A Paris court of appeal has decided not to award reparations to the families of 12 former soldiers who suffered from health problems linked to nuclear tests conducted by France on Algerian soil in the 1960s.
A Paris appeal court has refused to award reparations to twelve former French service members on Thursday. They had requested compensation for serious health problems they suffered as a result of nuclear tests that France conducted in Algeria during the 1960s.
This decision upholds the initial ruling of the Commission for the Indemnification of Victims of Penal Infraction (French acronym: CIVI), who had rejected the plea on the basis that the events in question occurred prior to 1976, the limit set by law.
The plaintiffs, seven of whom are now deceased and represented in court by their families, demanded a total of approximately five million euros. Diseases suffered include cancer of the skin, blood, and kidneys.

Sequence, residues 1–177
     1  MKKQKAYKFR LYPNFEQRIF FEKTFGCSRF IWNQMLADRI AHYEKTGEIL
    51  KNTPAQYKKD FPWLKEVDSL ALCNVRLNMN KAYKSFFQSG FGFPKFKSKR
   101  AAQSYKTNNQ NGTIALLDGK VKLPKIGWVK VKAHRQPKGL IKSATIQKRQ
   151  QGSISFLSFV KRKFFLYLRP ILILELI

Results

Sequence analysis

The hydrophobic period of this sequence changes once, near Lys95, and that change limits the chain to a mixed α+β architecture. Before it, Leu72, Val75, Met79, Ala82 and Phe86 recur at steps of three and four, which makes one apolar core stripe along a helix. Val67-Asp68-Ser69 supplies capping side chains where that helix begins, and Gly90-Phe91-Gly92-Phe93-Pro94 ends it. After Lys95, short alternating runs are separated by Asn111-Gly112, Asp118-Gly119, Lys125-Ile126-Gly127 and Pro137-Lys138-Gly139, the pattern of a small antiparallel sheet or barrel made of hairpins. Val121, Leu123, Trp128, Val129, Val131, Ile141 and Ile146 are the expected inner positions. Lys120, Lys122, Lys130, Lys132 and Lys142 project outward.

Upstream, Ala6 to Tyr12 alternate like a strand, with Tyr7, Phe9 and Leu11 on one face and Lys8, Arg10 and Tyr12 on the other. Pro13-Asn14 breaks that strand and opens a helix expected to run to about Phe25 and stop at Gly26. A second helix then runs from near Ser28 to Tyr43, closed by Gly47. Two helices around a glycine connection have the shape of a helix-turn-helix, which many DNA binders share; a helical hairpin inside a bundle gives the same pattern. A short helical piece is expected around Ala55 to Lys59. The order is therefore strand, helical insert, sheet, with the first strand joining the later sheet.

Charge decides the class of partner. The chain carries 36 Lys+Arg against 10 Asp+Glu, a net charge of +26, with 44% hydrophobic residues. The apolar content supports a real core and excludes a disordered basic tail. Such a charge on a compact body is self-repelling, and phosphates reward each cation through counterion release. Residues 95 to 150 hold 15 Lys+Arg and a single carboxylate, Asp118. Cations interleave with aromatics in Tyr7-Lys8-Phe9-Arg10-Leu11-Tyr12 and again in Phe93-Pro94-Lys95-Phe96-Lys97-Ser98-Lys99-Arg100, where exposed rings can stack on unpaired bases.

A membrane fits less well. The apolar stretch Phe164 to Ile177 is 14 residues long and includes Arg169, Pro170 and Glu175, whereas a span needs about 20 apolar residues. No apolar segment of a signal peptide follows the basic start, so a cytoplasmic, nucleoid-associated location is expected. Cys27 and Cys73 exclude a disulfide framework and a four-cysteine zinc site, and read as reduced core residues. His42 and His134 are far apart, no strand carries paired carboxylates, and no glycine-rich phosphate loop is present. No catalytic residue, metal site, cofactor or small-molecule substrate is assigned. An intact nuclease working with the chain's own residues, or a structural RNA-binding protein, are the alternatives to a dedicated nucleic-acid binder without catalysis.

The judgment comes just days before the French government discusses a new bill to organise reparations for the victims of 210 nuclear tests carried out in Algeria's Sahara desert and in French Polynesia between 1960 and 1996. The new legislation will be presented at a cabinet meeting next Wednesday.
About 150,000 people participated in either a civilian or a military capacity in the 210 nuclear tests – of which around 50 were done in the atmosphere.
Date created : 2009-05-22